While the activities continue at Grand Horizons with shuffleboard, dominoes, mahjong, cribbage, card making, paper crafting, pinochle, euchre, luncheons and a great deal more, several different trips were taken by some people who left Florida during the summer months and returned to their homes elsewhere.
One such trip was taken by my husband and myself. We visited the Berkshires. We went up Mount Greylock where we saw breathtaking views. This is 3,491 feet to the summit. We then went on the Mohawk Trail, which is always a delight to travel. The trail went through the deep forest and historic towns, and past world-class art museums, souvenir shops galore, hikers and dramatic vistas while crisscrossing five major rivers.
The Bridge of Flowers located in Shelburne Falls, Massachusetts, was our next stop. There, we saw where more than 500 varieties of annuals and perennials are planted and tended to by local volunteers to ensure continuous blooming throughout the seasons. The bridge is the only one of its kind in the world. It was originally built in 1908 as a trolley bridge across the Deerfield River, between the towns of Shelburne and Buckland. Now, the trolley line is abandoned, and the Bridge of Flowers, which is now a walking path, takes its place.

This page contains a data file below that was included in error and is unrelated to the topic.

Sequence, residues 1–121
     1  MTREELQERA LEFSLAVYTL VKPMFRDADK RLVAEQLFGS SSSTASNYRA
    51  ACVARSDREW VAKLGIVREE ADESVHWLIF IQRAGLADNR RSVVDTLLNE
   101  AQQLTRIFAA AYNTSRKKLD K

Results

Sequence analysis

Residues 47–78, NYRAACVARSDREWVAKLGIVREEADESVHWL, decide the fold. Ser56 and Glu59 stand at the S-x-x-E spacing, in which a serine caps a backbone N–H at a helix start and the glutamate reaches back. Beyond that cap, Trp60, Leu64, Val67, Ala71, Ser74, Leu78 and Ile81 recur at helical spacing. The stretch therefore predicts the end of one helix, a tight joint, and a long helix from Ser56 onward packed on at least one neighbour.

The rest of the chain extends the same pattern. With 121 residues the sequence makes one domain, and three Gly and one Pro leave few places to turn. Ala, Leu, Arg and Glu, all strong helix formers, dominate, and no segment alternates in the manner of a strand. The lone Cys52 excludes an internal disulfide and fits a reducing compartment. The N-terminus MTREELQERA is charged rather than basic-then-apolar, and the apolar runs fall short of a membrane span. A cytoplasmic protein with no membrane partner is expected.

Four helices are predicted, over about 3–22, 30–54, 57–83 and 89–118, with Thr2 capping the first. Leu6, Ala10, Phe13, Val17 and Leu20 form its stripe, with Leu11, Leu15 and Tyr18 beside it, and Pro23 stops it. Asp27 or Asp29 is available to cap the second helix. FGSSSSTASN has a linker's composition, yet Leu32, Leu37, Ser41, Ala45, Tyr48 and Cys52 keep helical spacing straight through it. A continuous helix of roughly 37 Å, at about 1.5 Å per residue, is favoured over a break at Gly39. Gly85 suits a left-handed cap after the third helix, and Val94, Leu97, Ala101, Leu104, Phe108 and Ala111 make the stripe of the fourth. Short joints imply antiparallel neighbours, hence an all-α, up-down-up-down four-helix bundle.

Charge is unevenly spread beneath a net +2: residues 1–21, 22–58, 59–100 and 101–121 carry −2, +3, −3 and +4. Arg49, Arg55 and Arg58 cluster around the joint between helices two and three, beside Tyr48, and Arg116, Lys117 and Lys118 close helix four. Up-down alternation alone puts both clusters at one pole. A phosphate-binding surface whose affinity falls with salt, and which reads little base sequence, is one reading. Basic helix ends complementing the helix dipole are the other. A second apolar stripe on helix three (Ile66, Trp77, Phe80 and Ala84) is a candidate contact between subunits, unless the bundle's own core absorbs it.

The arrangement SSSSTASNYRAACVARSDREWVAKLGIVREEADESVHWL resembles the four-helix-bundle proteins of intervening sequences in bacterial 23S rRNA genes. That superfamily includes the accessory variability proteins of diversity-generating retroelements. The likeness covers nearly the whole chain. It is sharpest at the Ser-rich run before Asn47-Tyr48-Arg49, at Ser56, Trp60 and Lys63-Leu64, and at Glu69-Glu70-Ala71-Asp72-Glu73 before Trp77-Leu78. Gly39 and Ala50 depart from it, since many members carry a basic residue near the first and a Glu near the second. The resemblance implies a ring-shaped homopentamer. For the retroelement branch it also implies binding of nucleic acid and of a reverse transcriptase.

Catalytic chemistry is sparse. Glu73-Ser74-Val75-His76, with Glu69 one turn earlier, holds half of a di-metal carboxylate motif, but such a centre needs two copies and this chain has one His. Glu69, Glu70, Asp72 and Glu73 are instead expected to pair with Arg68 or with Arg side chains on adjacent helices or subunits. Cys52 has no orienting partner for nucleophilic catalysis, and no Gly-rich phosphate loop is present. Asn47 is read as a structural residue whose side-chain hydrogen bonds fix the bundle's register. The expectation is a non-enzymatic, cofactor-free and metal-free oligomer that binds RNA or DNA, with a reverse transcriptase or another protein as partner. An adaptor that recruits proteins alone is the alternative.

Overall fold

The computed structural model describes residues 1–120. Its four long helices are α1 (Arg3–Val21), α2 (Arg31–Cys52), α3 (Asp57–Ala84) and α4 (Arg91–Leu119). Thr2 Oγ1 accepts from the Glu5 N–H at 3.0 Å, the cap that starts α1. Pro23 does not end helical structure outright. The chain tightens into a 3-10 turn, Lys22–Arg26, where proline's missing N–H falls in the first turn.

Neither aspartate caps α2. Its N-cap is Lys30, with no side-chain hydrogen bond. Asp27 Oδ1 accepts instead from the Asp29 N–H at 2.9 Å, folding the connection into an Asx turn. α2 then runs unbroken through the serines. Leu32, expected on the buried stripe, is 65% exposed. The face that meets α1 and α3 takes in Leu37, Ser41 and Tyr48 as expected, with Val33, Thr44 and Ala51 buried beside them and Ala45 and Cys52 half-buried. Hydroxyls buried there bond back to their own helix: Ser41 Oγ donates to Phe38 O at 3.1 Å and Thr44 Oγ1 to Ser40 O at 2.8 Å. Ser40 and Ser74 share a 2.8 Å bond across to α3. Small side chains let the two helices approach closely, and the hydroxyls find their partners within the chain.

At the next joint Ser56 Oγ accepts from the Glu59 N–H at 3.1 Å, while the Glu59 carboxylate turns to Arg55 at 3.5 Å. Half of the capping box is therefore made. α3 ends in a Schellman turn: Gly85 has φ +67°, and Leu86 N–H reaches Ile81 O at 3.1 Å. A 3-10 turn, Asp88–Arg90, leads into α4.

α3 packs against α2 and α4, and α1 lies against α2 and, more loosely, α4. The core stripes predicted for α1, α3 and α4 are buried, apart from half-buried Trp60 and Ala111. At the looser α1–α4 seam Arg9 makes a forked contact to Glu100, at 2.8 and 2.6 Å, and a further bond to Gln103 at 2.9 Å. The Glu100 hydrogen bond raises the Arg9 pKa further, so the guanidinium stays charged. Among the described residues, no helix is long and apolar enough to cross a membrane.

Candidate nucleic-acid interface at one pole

Also in Shelburne, we saw the falls and the potholes. There was an overlook on Deerfield Avenue that provided a great viewing area of the falls and glacial potholes. It used to be a special fishing ground, but it is now used for generating hydroelectricity.
From there, we saw several covered bridges, which are always a delight, as their numbers are dwindling. Driving beneath the covered bridges always makes you recall the times of long ago.
Then, it was on to Hancock Shaker Village in Pittsfield, Massachusetts, which citizens stepped in to preserve in 1960 and is a national historic landmark. Here we saw village buildings, woodlands and gardens. There was also a farm with baby animals. It is a setting untouched by time, yet so alive. There are 750 acres of countryside, a collection of Shaker furniture and artifacts, and a legacy of Shaker values and traditions. There are 20 historic buildings, including the world-famous Round Stone Barn. There were costumed interpreters and demonstrations at each attraction, plus several gardens to walk through.
By Helene Rubenstein
Published June 8, 2016